By Zakhary Mallett (BART Director, District 7),
My effort to revitalize the idea of extending BART’s Richmond leg of service to the northern communities of West Contra Costa County has taken some big steps forward since I was first elected in 2012. This leg is the only leg of BART to never be extended since its opening despite the corridor it serves (Interstate 80) having the long-standing distinction of being the most-congested in the entire region. Most recently the West Contra Costa High Capacity Transit Study that I spearheaded reached approximately the three-quater mark in its completion. Once the study is completed, it will allow additional big steps to be taken as early as next year in bringing much-needed relief to the Interstate 80 corridor.
But these milestones are not without continued alignment politics in West Contra Costa County that are at the root of why an extension in West Contra Costa County has never been realized. As local news reporter, Tom Lochner, recently reported, as part of the study, the West Contra Costa Transportation Advisory Committee (WCCTAC) Board axed a key BART alternative from further study (an extension via Interstate 80 from El Cerrito del Norte), even after I secured from BART the necessary funds to further study that option at no cost to WCCTAC or local cities.
While this undermines the current study offering a thoroughly competitive review of all options, the good news is that this study is not a BART alternatives analysis study, which is both practically and legally necessary before an extension is realized. What the current study has done, though, is underscore that a BART extension to Hercules is sorely needed, which will allow BART to pursue a comprehensive and BART-specific alternatives analysis that can hopefully lead to the selection and implementation of an optimal extension in the corridor.
My Concern and the Politics
My concern as your BART Director and as a Transportation Planner is that we axed alternatives too soon by not giving legitimate alternatives a thorough review. Assuming all alternatives are feasible and competitive in other ways, the arguably most important element of a transit alternatives study is figuring out which option will get the most people and cars off the road. While many of the now-axed alternatives were shown to be infeasible or significantly inferior, neither of the two BART alternatives was shown to be; they remained competitive, but funding forced us to eliminate one of them (at least before I removed that constraint).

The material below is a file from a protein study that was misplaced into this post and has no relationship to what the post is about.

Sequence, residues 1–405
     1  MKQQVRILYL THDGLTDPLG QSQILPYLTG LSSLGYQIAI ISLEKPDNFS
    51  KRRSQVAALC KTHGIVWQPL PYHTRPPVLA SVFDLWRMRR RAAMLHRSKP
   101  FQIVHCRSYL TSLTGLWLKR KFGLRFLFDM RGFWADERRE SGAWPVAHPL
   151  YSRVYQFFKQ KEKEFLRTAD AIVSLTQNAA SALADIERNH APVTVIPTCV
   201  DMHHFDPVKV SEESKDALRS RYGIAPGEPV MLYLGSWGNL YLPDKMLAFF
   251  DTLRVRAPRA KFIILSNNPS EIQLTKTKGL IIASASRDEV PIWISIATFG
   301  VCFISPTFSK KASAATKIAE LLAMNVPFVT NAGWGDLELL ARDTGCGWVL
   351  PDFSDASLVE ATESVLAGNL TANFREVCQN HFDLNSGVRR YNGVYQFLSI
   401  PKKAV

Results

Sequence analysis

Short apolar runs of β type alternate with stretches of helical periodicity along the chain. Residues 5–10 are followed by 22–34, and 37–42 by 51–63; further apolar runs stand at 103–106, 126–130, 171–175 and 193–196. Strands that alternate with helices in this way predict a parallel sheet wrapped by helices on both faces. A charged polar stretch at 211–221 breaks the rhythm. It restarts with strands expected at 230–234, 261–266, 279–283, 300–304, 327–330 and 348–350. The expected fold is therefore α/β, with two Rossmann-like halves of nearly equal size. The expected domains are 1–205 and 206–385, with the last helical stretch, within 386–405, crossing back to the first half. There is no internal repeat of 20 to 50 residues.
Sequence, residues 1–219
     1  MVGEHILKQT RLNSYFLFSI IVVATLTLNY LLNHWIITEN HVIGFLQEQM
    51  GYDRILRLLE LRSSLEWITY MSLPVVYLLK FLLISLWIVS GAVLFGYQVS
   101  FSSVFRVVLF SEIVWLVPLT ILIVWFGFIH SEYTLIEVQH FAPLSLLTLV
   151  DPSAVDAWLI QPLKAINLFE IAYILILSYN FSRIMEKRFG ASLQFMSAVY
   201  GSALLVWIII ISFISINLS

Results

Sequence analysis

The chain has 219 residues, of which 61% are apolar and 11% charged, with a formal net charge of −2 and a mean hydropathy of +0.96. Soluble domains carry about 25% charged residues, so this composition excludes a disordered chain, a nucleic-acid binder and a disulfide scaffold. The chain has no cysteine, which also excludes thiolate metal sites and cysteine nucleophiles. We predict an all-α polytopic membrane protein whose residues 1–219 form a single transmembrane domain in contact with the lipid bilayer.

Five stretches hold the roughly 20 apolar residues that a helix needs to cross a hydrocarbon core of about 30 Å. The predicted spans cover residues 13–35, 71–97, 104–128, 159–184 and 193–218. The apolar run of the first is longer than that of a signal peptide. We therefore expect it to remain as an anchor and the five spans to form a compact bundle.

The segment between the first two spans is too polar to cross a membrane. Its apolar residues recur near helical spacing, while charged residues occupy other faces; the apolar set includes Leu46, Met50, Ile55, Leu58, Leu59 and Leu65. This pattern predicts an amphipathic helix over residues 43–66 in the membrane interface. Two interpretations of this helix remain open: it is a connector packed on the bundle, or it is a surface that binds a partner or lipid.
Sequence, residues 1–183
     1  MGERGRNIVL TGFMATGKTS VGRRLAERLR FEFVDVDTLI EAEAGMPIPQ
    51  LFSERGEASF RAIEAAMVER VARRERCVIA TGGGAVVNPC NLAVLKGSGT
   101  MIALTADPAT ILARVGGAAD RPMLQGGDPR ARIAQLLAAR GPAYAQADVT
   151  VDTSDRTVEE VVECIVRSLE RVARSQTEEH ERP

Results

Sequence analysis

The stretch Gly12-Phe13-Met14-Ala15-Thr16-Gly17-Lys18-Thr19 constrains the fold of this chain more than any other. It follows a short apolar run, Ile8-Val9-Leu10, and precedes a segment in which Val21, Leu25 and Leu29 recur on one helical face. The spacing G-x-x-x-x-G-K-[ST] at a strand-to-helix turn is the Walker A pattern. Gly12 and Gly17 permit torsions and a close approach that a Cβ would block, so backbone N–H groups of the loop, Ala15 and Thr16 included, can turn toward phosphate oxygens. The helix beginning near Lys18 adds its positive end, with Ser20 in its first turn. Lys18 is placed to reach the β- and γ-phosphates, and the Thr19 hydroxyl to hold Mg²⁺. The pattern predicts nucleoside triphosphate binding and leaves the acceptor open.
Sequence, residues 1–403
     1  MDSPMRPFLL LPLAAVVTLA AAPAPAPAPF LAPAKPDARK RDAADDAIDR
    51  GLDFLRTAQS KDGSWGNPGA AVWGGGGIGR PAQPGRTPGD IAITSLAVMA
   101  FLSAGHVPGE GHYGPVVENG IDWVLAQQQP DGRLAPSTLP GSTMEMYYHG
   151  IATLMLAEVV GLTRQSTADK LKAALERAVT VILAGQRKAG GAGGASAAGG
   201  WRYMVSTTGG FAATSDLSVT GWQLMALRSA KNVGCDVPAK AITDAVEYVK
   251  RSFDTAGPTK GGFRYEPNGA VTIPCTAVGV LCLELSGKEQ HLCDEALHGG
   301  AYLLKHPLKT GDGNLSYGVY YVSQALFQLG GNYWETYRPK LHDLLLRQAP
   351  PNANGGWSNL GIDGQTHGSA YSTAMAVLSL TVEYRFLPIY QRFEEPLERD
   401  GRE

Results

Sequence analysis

The current study began with eight alternatives that varied from expanded express bus services to BART extension alternatives and, due to funding limitations, was designed to be reduced down to just four alternatives that would be more thoroughly examined. In May, when the decision to axe certain alternatives was made, the study’s main fulfillments included engineering cost estimating, preliminary environmental impact review of the different alternatives, and how consistent the different alternatives were with local land-use and development plans.
Here are some of the pros and cons of these BART alternatives based on the study and some basic qualitative considerations:
The Rumrill/I-80 alignment would result in both BART routes (Fremont and San Francisco/Millbrae) being extended to communities north, providing on-going combined frequency as low as 7.5 minutes when both routes are in operation. This option also has the potential to directly serve the densest community in the corridor, Central San Pablo, and is the only option that is consistent with Richmond’s General Plan that explicitly refers to both of BART’s Richmond-based routes serving the Downtown area.
At the same time, this alignment results in a circuitous route that would add 5 minutes and 2.8 miles (a fare impact) to any customer traveling to/from locations north of Richmond when compared to to the I-80 alignment. The alternative would also either be an aerial structure through the City of San Pablo, posing noise and visual impacts on the local community, or would have increased construction costs for mitigating them (e.g., tunneling).
The I-80 alignment is the most direct alignment through the corridor, more centrally serves the corridor and its development patterns overall, and is the most accessible for attracting automobile traffic on the highway.
However, this alternative would split service north of the El Cerrito del Norte Station with either BART’s Fremont route or San Francisco/Millbrae route going to Richmond and the other going to Hercules, thereby reducing service into Downtown Richmond in half. It also means that neither leg would experience the combined frequency of having both BART routes. On the flip side, because this option would require service between West Contra Costa County and San Francisco/Millbrae to become a fulltime service, all locations between El Cerrito del Norte and 12th Street/Oakland City Center Stations would experience frequency improvements with combined frequency from these two routes during all BART operating hours.
So, which is better? The answer is we really don’t know. But we will find out once we perform a BART alternatives analysis that will not only assess these alignment choices, but many others that were not included in the current study. That effort should hopefully begin sometime next year, once the current study wraps up.
This article originally appeared in BART Director Mallett’s e-newsletter.
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